Below are three examples of how I’ve attempted to facilitate more personally relevant learning for my students. These snapshots of my teaching shouldn’t imply that these are the best or only ways to help students find relevance in their learning. The decisions within these units and their outcomes were made with respect to the time, facilities, resources etc. we have available and of course with our students in mind.
Unit: Who We Are in the Outdoors (Grade 3-6)
Big Idea: Reflecting on our experiences can affect the relationship we feel to movement in the outdoors.
Description: In this unit we first sampled different ways we could engage with the trails near our campus. We walked, we ran and explored activities such as a scavenger hunt. At the end of these initial lessons, we reflected on what we liked and disliked about each activity as well as what we may find meaningful about them. As we progressed through the unit, students used the whiteboard (shown below) to indicate 1) which trail they were going on 2) whether they were going to walk, run or search and 3) what was their intention; to be social, challenge themselves, for pleasure or to explore.
Unit: Throwing & Catching (Grade 1-2)
Big Idea: Challenging myself is essential to my growth as an individual.
Description: In this unit, students explored the concept of ‘just-right’ challenge and how those can help us grow as individuals. Students began by rotating through various throwing target games. At the end of the lessons students used numbered stickers to indicate which one was the most challenging and least challenging. Later we used the Goldilocks’ analogy to understand what 'just-right' meant. A challenge that wasn’t too hard or too easy but required some persistence to eventually be successful. As we progressed, students learned to modify throwing tasks to find their zone of 'just-right' challenge. At the end of the unit, they created their own ‘just-right’ throwing & catching activity and taught it to another classmate.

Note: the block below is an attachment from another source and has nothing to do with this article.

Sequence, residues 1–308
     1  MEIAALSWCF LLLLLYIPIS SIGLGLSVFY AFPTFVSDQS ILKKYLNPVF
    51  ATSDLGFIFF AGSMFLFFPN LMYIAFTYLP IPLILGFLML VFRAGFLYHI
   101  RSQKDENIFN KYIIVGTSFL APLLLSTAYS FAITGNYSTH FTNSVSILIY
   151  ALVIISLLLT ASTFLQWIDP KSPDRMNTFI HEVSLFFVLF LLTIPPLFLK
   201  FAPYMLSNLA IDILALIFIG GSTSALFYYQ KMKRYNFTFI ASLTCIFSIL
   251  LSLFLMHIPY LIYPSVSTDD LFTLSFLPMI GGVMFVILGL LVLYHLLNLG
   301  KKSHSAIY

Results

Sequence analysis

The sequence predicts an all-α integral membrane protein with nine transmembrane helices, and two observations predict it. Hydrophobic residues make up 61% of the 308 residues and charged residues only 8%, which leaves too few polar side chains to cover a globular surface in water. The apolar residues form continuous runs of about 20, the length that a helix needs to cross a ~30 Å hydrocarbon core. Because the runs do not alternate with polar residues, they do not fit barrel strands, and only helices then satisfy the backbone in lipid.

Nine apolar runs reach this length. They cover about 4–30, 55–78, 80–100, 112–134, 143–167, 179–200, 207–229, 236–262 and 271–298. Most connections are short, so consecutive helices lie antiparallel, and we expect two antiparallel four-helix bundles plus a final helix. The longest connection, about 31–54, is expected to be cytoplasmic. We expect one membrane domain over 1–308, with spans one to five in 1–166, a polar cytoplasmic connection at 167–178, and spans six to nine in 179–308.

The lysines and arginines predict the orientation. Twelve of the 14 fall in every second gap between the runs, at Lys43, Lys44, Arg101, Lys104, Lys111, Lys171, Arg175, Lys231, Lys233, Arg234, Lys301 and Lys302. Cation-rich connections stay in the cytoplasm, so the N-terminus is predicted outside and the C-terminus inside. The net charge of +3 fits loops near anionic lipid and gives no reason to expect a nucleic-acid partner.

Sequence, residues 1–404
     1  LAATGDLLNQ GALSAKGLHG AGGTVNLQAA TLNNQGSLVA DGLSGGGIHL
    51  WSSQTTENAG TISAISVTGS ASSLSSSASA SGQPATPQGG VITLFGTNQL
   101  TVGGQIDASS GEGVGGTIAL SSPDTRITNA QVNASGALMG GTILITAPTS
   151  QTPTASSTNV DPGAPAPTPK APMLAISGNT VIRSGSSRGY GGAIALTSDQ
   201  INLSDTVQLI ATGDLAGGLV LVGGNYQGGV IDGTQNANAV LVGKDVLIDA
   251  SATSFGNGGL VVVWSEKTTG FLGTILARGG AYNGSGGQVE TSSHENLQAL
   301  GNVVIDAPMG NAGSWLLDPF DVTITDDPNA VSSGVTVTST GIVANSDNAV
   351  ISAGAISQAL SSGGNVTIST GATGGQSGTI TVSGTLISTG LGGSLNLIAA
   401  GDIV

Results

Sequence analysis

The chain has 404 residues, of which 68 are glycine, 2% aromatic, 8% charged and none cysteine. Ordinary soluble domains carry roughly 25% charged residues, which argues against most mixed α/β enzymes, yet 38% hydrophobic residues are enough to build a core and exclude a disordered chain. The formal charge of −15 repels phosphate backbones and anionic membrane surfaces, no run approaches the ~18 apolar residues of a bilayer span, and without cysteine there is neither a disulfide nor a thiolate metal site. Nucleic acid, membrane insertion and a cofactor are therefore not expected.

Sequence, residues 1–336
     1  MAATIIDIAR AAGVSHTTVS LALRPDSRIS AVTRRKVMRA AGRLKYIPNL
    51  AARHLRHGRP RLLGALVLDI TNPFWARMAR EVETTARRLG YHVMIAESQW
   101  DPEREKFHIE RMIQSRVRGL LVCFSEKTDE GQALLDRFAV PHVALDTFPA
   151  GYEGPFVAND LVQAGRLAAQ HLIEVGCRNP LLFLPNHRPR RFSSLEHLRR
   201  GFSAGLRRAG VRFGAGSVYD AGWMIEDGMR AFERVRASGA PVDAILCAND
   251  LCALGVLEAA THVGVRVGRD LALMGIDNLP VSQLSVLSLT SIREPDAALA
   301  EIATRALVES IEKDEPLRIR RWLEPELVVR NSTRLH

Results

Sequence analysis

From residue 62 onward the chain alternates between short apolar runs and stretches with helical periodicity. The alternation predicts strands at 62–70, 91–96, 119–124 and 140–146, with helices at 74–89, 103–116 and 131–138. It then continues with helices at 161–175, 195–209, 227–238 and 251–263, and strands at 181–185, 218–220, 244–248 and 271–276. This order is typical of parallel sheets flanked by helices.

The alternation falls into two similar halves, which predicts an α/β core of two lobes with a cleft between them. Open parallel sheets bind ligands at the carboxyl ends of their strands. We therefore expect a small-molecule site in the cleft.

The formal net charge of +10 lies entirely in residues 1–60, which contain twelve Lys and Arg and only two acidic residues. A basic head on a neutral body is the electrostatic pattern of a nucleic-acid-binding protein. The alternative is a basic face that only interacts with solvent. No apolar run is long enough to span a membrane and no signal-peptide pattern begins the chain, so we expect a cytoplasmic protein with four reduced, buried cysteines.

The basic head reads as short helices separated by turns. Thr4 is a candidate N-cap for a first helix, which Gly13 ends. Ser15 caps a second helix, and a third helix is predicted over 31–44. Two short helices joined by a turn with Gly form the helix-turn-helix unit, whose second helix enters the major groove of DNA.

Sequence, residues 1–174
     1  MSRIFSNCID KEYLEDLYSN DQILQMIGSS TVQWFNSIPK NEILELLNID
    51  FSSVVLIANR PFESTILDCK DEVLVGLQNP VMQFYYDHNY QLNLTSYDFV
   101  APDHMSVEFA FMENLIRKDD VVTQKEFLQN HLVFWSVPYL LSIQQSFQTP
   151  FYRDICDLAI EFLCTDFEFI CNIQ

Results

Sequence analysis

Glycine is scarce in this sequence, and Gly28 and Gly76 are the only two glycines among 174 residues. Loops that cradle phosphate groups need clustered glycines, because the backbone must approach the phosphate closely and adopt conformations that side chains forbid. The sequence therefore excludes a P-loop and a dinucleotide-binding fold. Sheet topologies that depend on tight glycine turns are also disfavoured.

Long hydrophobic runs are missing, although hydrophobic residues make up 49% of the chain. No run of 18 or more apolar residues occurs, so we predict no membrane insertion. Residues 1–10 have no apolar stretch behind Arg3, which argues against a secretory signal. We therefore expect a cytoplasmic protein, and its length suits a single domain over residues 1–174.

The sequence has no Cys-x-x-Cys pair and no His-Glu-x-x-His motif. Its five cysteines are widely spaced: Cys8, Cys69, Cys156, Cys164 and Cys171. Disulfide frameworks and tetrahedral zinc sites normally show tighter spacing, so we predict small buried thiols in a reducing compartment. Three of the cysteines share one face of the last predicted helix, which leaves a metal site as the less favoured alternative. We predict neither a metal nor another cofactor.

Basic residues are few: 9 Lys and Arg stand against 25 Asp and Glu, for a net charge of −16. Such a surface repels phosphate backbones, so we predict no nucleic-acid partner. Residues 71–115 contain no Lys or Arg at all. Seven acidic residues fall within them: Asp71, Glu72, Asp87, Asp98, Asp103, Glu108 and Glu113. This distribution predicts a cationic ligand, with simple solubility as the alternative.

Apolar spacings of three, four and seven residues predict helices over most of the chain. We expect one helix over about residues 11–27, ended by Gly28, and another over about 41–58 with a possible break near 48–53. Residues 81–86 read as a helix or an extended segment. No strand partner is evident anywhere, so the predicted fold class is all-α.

Unit: Badminton (Grade 3-6)
Big Idea: By improving our skills we are empowered to engage in activities in ways that are meaningful to us.
Description: After a few initial lessons, students began completing a road map to improvement by first selecting an area of growth (i.e. serving or more consistent contact). It was important that their goal served the purpose for which they wished to engage in badminton. Some students' goals were for the purpose of winning more points so they could be more successful during competition. Other students' goals would help them engage in badminton socially, where the object of the game was to maintain a rally as long as possible or play recreationally where points are won but no score is kept. As students progressed towards their goal, they were grouped with students who found similar things meaningful about badminton. Students who wished to be social were allowed to be and students who wanted to be competitive participated in either doubles or singles tournaments.
Bernard, S. (2010, December 1). Science shows making lessons relevant really matters. Edutopia. https://www.edutopia.org/neuroscience-brain-based-learning-relevance-improves-engagement
Tinning, R. (2010). Pedagogy and Human Movement: Theory, Practice, Research. New York,